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Sudanese police free 95 refugees from human traffickers

January 1 - 2018 KASSALA
Thirty years of  war and a hostile government has prompted many Eritreans to flee the country (AFP)
Thirty years of war and a hostile government has prompted many Eritreans to flee the country (AFP)

Police in eastern Sudan’s Kassala freed 95 foreign hostages from the grip of a human trafficking gang last week.

On Saturday, Brig. Abdallah El Sayegh, Head of the Criminal Cases Police in Kassala, told reporters that the hostages were held in a forest east of Teringa village in Khashm El Girba locality.

A large police force managed to release them after an exchange of fire, in which no one sustained injuries. A number of kidnappers were arrested.

The Governor of Kassala, Adam Jamaa, visited the freed hostages on Saturday. He told the official Sudan News Agency on the occasion that the rescue operation of last week was the largest in terms of releasing hostages in 2017.

The authorities of Kassala plan to end all human trafficking in the region in 2018, he added.


At end September, the US State Department again included Sudan in its ‘Tier 3’, a list of countries accused of being reluctant to combat human trafficking within their borders.

Khartoum expressed its regrets about the decision. The Sudanese Ministry of Foreign Affairs said in a statement it hoped Washington would commend “the huge efforts exerted by the government of Sudan” to stop human trafficking.

In August, eastern Sudanese reported an increase in crimes concerning refugees and asylum seekers, including kidnappings, in the region.

“The number of unlicensed vehicles and motorcycles without plates is growing accordingly,” a listener told this station. “Some of these vehicles belong to the regular forces, while other cars have been smuggled into the country from neighbouring countries.”

Tackling migration

According to the UN Refugee agency (UNHCR), Sudan is one of the main transit countries for eastern Africans who want to travel to Europe by sea.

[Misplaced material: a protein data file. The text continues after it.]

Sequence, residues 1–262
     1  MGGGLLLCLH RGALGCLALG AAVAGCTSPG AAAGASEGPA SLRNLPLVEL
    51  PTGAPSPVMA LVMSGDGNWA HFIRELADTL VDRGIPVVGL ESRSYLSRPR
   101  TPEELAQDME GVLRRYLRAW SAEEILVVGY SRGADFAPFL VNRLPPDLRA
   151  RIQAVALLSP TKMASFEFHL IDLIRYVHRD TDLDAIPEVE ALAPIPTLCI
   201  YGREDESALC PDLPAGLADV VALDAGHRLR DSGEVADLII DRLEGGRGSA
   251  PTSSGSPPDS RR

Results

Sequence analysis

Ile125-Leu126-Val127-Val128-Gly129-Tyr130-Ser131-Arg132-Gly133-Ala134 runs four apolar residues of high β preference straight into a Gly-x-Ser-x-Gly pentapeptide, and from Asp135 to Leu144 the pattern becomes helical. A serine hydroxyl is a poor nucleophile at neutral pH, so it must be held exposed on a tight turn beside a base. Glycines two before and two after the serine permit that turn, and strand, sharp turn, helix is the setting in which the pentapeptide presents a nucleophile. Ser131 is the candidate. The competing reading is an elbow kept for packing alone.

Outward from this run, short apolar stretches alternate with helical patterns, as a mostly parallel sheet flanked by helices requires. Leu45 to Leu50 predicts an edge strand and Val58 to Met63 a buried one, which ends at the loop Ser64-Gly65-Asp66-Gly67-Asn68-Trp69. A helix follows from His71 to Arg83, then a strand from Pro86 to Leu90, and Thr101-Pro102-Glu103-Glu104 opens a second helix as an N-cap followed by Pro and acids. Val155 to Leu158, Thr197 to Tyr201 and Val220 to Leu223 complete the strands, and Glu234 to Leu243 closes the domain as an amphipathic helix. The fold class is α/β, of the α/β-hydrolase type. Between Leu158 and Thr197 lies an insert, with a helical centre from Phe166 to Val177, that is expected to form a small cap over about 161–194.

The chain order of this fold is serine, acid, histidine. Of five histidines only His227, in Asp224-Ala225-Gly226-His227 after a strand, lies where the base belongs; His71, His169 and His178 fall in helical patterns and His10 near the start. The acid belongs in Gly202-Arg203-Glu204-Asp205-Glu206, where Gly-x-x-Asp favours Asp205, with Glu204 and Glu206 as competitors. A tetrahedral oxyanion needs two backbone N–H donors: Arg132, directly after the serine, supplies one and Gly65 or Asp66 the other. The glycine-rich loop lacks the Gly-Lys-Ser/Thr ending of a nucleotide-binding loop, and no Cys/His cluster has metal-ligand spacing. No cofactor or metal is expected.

Funding by the European Commission to the Sudanese government earlier this year, to be implemented under the EU Emergency Trust Fund for Africa, contains a development aid package of €155 million, “to tackle the root causes of irregular migration in the country” and “improve migration management processes”.

Sudanese activists claim that providing such funds to Khartoum are futile. They say that the aid package is used to tighten the grip of the security apparatus on the population.


On Saturday, President Omar Al Bashir imposed the State of Emergency in Kassala, to pave the way for the collection of illegal arms and unlicensed vehicles in the state. The action is part of a nationwide disarmament campaign launched in August in a bid to return security to the country.

Activists and politicians however doubt the reasons for the imposition of the State of Emergency. “The authorities do not need the State of Emergency for its disarmament campaign,” the head of the Unified National Unionist Party in Kassala told this station.

“Khartoum has been distributing weapons to its loyal tribes and militias, so they know exactly where and from whom they collect the weapons,” he said.


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